The UFC badly wants light heavyweight champion Jon Jones to be the superstar the promotion desperately needs. Jones wants it too. He's spent years carefully building a persona—nice guy, holy guy, most importantly a regular guy. One who just happens to be the best fighter the sport of mixed martial arts has ever seen.
Since the departure of Chuck Liddell, an icon known as much for his trademark mohawk as his prodigious punching power, the sport has lacked a second marque fighter to compare with boxing's holy duality of Manny Pacquiao and Floyd Mayweather.
Welterweight kingpin Georges St-Pierre does his part in spectacular fashion. He's a solid box office draw in the United States, and his legion of Canadian fans make him a cash cow. But he's getting lonely at the top, and worse, has been AWOL all year, battling a knee injury and subsequent recovery.
Without St-Pierre and heavyweight Brock Lesnar, who left the sport to return to the WWE, the UFC has suffered with a series of uninspiring pay-per-view main events. They need Jones—need someone—worse than they've ever needed a star before.
Millions of dollars are on the line. For a promotion that is struggling towards its worst pay-per-view year in modern history, a situation made worse by new pressures to provide main event worthy fights for the Fox network four times a year, a lot is riding on making him not just an amazing fighter, but a popular one.
So why does Jon Jones keep messing things up, destroying good will as brilliantly as he's ever destroyed an opponent in the Octagon?
Jones tries hard. You have to give him that. He wants to be loved, more so than any UFC star I can recall. Even Tim Sylvia, who used to walk around the casino with his title belt hoping to be noticed, didn't yearn for approval quite like Jones. It's endearing in a way. But, almost without fail, when trying so hard to impress, he says the wrong thing.
Take his recent conversation with ESPN.com. Jones was trying to show reporter Franklin McNeil that he was a savvy player, that he understood the business implications of a potential fight with top contender Lyoto Machida:
I don't want to fight Lyoto Machida. He was my lowest pay-per-view draw of last year. No one wants to see me fight Lyoto Machida. I don't want to fight Lyoto again. Lyoto is high risk and low reward.He's a tough fighter, but no one wants to buy that fight. Between (Mauricio) Shogun (Rua), (Quinton) Rampage (Jackson) and Rashad (Evans), Lyoto was my lowest draw. Why would I want to fight someone where it's a lose-lose situation? I won't make money on it. And he's a tricky fighter.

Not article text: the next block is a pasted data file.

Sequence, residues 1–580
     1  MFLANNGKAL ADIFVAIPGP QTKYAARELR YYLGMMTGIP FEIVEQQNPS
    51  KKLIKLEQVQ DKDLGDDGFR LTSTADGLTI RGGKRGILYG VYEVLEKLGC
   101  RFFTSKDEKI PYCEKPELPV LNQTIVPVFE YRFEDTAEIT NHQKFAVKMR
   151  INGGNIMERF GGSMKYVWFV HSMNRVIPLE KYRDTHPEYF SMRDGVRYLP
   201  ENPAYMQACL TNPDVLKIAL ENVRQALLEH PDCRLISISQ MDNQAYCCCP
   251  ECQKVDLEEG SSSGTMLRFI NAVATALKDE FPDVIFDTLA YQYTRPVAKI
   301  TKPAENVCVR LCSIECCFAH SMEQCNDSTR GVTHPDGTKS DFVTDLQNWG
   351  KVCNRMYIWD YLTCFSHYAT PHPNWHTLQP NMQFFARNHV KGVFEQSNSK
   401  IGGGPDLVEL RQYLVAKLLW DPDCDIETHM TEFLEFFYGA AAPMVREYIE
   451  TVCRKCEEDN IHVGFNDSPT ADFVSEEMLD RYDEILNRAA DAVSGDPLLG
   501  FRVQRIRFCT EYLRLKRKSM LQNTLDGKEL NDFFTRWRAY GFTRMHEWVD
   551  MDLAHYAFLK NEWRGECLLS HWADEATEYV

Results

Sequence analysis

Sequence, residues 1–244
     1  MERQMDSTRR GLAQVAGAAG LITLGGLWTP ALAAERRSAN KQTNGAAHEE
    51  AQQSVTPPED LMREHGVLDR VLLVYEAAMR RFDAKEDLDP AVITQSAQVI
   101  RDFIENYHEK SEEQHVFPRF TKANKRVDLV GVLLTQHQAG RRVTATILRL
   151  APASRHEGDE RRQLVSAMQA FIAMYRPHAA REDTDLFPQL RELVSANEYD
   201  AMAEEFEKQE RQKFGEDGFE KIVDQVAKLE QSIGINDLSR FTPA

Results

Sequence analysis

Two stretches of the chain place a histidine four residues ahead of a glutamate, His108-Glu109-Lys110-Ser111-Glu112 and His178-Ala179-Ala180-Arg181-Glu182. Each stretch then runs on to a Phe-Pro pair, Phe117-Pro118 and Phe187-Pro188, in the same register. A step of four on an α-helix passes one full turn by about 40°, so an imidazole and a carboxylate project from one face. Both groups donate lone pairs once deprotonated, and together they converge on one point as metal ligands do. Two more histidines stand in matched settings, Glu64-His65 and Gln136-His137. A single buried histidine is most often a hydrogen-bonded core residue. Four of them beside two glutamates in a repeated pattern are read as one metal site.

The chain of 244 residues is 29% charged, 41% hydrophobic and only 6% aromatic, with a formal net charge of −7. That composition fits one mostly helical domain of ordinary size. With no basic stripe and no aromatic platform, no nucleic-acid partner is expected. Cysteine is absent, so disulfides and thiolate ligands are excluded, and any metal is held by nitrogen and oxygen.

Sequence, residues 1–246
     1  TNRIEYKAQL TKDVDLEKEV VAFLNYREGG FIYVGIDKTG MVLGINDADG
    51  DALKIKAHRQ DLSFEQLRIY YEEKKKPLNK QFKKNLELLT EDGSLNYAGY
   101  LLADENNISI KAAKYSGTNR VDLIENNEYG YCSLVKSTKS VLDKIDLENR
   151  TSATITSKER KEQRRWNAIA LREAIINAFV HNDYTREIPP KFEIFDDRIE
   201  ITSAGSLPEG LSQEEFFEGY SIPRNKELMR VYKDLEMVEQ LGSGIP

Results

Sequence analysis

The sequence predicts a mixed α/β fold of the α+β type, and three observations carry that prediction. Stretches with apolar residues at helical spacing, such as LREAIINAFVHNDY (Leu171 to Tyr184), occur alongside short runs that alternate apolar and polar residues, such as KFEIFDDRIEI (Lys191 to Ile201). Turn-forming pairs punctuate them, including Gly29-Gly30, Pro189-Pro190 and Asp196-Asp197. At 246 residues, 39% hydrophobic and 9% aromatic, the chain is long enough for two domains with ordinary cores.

It's a stunning revelation. As a member of the media, it's intriguing, the kind of honesty you just don't get from athletes in other sports.
Jones is saying, without the slightest embarrassment or hesitation, that Machida is too tough a fight for him to consider for anything less than the gross national product of Moldova.
Athletics is about competition, about being the best. The money flows from that, from fans willing to put down huge chunks of their salaries for the privilege of watching top athletes compete to decide who's the biggest baller.
The Pittsburgh Steelers don't get to decide they'd rather play the New York Jets in the playoffs, records be damned, refusing to lace them up against the Jacksonville Jaguars. Every single columnist on Around the Horn would explode in righteous indignation.
Try explaining to a skeptical press that the New York market is bigger than North Florida's and that they'd make more money playing the Jets than the Jaguars. That's not the mental calculus we demand from our sports stars.
They play who they are told to play and the cream rises to the top. That's the goal of sports after all—putting it all on the line to see who comes out the champion.
For Jones to suggest otherwise, to say aloud that Machida is too tough a fight, shows a young champion in desperate need of a savvy adviser. He's secured the Nike endorsement, battled to the top of a tough sport and continues to grow as an athlete. Now he needs people around him crafting his public appearances instead of getting in fist fights backstage at the UFC.
There is a way to avoid a Machida fight without telling the audience, an audience who wants badly to consider you a warrior by the way, that it makes you nervous. As an audience we are trained to read between the lines.
For example, if I told you a young starlet was hospitalized due to "exhaustion," you'd know that she was sniffing coke like it was still the 1980's. If I tell you an athlete was holding out because the team wasn't giving him enough "respect," you'd know he wanted a new contract. These are unspoken truths that we all understand.
Had Jones said "Machida isn't an interesting fight for me," we'd have known just what he meant. He didn't need to say the actual words. Never say the actual words!
In a sport built on machismo, it remains to be seen how well Jones's calculated capitalism, his borderline cowardice, will sit with the audience that likes its fighter fearless and as tough as they come.
Jones has worked his way to the top of a sport with a fandom dying to find someone to love. Unfortunately, he's doing everything in his power to make sure the next big star is someone, anyone, other than Jon Jones.